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Systems Advocacy

Civil rights are not a guarantee of the good life, but an equal opportunity and responsibility to participate in producing the good life for oneself and for all. Government alone cannot implement ADA: this is a responsibility of all Americans

– Justin Dart

A group of disability rights advocates participating in the March to the Capitol at the NCIL national conference.Nothing About Us without US!

In the United States, we are fortunate to be a part of a system that not only allows us to elect our legislative representatives on state and national levels, but also to be a part of a system that allows us to bring about change to policies, rules or laws. We are able to do this through Systems Advocacy. Systems Advocacy engages a network of persons with common goals and attitudes on the same issue that has broader impact. It can be as small as a group working to have a playground made accessible within a community or as large as working on change that impacts healthcare in the country.

Contacting your Legislative Official

Image of US Congress in-session with a focus on the speakers podium.Every year, hundreds of decisions are made by government officials that impact the lives of people with disabilities and their families. It’s very important, as a person with a disability, to learn to advocate for legislation that increases independence and accessibility for the disability community.

First, be sure you are registered to vote. Though voting is not a requirement for contacting elected officials, it is important that you vote for persons that you feel are best qualified for the job they are running for, and those people should desire to serve in the interest of all citizens they represent. If you are not registered to vote, a good place to start is by clicking here.

One of the best ways to let your voice be heard is to contact your legislators and government officials directly. Believe it or not, they do read all emails and letters and take note of all phone calls. First, you’ll need to find the person that you wish to contact about an issue. Click here to find the elected official that best suits your purpose. Don’t contact a state official for when it is your US Senator that is actually the person you need to direct the matter to.

Here are some hints for writing letters to your elected officials

Think Locally

It’s usually best to send letters to the representative from your local Congressional District or the senators from your state. Your vote helps elect them — or not — and that fact alone carries a lot of weight. It also helps personalize your letter. Sending the same “cookie-cutter” message to every member of Congress may grab attention but rarely much consideration.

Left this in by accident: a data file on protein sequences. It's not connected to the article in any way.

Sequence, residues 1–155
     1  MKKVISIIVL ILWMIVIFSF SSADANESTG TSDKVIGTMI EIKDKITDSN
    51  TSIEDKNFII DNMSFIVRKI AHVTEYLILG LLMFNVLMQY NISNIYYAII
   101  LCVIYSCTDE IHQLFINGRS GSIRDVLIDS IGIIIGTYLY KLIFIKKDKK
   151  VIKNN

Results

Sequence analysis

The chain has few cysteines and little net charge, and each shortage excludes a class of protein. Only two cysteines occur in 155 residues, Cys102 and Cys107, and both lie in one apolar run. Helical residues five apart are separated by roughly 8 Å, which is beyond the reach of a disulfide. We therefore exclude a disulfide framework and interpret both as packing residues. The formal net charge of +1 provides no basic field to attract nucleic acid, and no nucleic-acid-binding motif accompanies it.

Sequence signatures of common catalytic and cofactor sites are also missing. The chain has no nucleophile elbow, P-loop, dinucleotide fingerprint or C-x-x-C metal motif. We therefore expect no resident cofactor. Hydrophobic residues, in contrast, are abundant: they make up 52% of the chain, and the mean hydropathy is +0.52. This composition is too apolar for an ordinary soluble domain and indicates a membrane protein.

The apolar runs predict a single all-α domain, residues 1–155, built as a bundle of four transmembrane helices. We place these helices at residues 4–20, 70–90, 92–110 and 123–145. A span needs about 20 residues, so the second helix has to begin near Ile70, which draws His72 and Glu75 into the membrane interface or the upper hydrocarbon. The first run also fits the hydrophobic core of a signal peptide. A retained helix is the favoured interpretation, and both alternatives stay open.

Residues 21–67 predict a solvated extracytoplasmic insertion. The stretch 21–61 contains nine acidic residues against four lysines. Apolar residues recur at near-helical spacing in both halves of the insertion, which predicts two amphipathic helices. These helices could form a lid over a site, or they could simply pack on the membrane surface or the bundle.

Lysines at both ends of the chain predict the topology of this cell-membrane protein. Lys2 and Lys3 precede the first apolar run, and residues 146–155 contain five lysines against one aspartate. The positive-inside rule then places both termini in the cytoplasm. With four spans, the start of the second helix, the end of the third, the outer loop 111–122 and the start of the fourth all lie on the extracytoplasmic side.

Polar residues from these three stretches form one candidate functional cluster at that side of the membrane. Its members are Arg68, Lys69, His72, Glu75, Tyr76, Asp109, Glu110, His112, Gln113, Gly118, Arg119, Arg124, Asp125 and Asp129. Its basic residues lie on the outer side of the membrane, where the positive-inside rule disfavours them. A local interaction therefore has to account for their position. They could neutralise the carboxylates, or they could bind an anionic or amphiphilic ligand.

Keep it Simple
  • Your letter should address a single topic or issue. Typed, one-page letters are best. Many PACs (Political Action Committees) recommend a three-paragraph letter structured like this:
  • Say why you are writing and who you are. List your “credentials.” (If you want a response, you must include your name and address, even when using email.)
  • Provide more detail. Be factual not emotional. Provide specific rather than general information about how the topic affects you and others. If a certain bill is involved, cite the correct title or number whenever possible.
  • Close by requesting the action you want taken: a vote for or against a bill, or change in general policy.
  • The best letters are courteous, to the point, and include specific supporting examples.

 

Addressing Members of Congress

To Your Senator:

The Honorable (full name)
(Room #) (Name) Senate Office Building
United States Senate
Washington, DC 20510

To Your Representative:

The Honorable (full name)
(Room #) (Name) House Office Building
United States House of Representatives
Washington, DC 20515

The above addresses should be used in email messages, as well as those sent through the Postal Service.

To Conclude

Here are some key things you should always and never do in writing to your elected representatives.

  • Be courteous and respectful without “gushing.”
  • Clearly and simply state the purpose of your letter. If it’s about a certain bill, identify it correctly. If you need help in finding the number of a bill, use the Thomas Legislative Information System.
  • Say who you are. Anonymous letters go nowhere. Even in email, include your correct name, address, phone number and email address. If you don’t include at least your name and address, you will not get a response.
  • State any professional credentials or personal experience you may have, especially those pertaining to the subject of your letter.
  • Keep your letter short — one page is best.
  • Use specific examples or evidence to support your position.
  • State what it is you want done or recommend a course of action.
  • Thank the member for taking the time to read your letter.

Never

  • Use vulgarity, profanity, or threats. The first two are just plain rude and the third one can get you a visit from the Secret Service. Simply stated, don’t let your passion get in the way of making your point,
  • Fail to include your name and address, even in email letters.
  • Demand a response.

 

Identifying Legislation

Cite these legislation identifiers when writing to members of Congress:

  • House Bills: “H.R._____”
  • House Resolutions: “H.RES._____”
  • House Joint Resolutions: “H.J.RES._____”
  • Senate Bills: “S._____”
  • Senate Resolutions: “S.RES._____”
  • Senate Joint Resolutions: “S.J.RES._____”

If you are interested in Systems Advocacy, please contact Walton Options on 706-724-6262 to speak with an Information and Referral Specialist. Or complete the Self-Referral Form online by clicking here.

Looking for more resources? Click on the links below to find out more about Advocacy.

Rights & Resources
Self-Advocacy

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